Bookmakers, TV pundits and newspaper columnists say this general election is going to be a walkover for the Conservatives.
Know who says otherwise?
Labour leader Jeremy Corbyn and Conservative leader Theresa May , that’s who.
Mr Corbyn will insist that he can win on June 8 and become Prime Minister, for obvious reasons.
Even when the situation looks dire, you’d expect him to insist that victory is possible.
But Mrs May also wants you to think that she’s got her bags packed, just in case she has to quit 10 Downing Street and make way for Mr Corbyn after the votes are counted.
She wants this to be an election about leadership, and specifically about who you trust to lead the UK through the tricky process of quitting the EU (something both major parties are now committed to doing).
That’s why she talks about “strong and stable leadership” all the time. You’ll hear the phrase again and again throughout the election campaign.
But it only works if people really believe that Mr Corbyn could actually become leader of the country.
So the Conservatives have a second soundbite, which they also intend to repeat from now until polling day.
They claim that if voters don’t turn out to vote for Mrs May, we’ll end up with a “coalition of chaos”. This means a Government led by Mr Corbyn and supported not only by Labour MPs but also by the SNP and the Liberal Democrats.
Mrs May spelled the message out when she spoke in Leeds last week.
She said: “Only two people who can possibly represent Britain in Europe. The choice is between five years of strong and stable leadership with me as Prime Minister, or a coalition of chaos with Jeremy Corbyn at the helm, a weak leader negotiating Brexit and higher taxes, debt and waste”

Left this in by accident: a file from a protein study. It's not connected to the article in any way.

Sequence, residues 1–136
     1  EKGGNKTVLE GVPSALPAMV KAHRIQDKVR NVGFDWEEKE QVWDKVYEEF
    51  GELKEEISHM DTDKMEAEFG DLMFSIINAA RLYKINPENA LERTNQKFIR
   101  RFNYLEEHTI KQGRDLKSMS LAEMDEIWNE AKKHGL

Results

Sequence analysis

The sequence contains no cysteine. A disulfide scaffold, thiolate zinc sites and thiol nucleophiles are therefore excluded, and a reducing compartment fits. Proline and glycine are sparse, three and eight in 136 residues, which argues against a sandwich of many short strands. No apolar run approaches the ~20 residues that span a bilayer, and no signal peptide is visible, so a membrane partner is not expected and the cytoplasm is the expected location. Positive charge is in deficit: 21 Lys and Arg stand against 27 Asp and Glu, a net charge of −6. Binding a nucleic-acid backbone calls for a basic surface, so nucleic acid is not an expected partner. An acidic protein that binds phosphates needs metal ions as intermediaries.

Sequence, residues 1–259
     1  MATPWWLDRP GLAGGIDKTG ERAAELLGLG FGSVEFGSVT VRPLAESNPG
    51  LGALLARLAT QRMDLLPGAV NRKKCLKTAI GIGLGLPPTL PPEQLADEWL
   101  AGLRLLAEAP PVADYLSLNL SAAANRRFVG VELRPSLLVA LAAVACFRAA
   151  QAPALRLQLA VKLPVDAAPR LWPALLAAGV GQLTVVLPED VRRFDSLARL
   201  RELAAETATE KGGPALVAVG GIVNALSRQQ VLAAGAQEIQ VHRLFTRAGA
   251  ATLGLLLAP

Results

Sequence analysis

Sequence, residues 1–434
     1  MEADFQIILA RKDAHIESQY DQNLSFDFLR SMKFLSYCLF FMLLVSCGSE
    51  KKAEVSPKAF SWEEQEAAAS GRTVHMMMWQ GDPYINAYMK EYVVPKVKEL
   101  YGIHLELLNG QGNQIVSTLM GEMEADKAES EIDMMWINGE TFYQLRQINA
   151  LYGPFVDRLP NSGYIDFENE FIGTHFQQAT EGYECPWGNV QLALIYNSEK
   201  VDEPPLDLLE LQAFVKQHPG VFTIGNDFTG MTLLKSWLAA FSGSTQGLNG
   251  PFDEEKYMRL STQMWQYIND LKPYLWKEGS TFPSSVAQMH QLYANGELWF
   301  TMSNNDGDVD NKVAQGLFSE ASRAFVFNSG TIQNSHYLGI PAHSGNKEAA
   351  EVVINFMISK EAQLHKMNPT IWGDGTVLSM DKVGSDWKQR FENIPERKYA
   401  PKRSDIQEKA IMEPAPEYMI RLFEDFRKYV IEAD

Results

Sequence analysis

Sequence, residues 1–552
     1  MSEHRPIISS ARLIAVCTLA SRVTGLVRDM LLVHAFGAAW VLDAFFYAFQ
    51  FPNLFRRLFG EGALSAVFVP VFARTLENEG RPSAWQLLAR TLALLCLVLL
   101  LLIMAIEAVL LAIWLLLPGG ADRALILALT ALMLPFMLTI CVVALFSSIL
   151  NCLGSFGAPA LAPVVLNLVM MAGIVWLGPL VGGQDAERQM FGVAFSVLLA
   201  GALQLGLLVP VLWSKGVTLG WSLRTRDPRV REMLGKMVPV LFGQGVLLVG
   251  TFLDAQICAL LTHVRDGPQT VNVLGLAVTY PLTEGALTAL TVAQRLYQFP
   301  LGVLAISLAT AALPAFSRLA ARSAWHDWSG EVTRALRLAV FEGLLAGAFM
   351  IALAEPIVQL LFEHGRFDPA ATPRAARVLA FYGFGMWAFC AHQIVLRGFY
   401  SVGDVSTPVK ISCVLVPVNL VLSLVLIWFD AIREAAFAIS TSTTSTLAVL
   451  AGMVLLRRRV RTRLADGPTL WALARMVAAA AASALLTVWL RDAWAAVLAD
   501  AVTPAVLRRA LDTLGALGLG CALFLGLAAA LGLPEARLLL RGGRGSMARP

You’ll hear it again, and again, and again. Strong and stable leadership. Coalition of chaos. The theory is that the only way to make sure people remember the messages is to repeat them at every available opportunity.
Labour hopes to turn the focus away from the issues of leadership and Brexit and onto stronger territory for them. That means talking about schools, hospitals and essential council services such as social care.
And the Labour Party has some pretty strong ammunition.
Schools are cutting staff while hospitals are overspending like crazy, because they just don’t have enough money to cover their costs.
It’s not because budgets have actually been cut (whatever some Labour politicians say). But the funding coming their way is far less than they need.
That’s not just my view. It’s been confirmed by the National Audit Office, an independent watchdog, and cross-party inquiries by backbench MPs have concluded that there are real problems.
Some Labour candidates are so keen to move attention on to these topics that they’ve made a point of saying they’re going to lose the election.
This vote isn’t about who’s going to be Prime Minister, they say. It’s really about whether or not Theresa May has a massive majority, allowing her to get her own way in the House of Commons, or whether there are enough Labour MPs in Parliament to hold her properly to account.
If a Labour candidate knocks on your door during this election and you express doubts about Jeremy Corbyn, don’t be surprised if they tell you not to worry – because there’s no chance of Mr Corbyn ever becoming Prime Minister.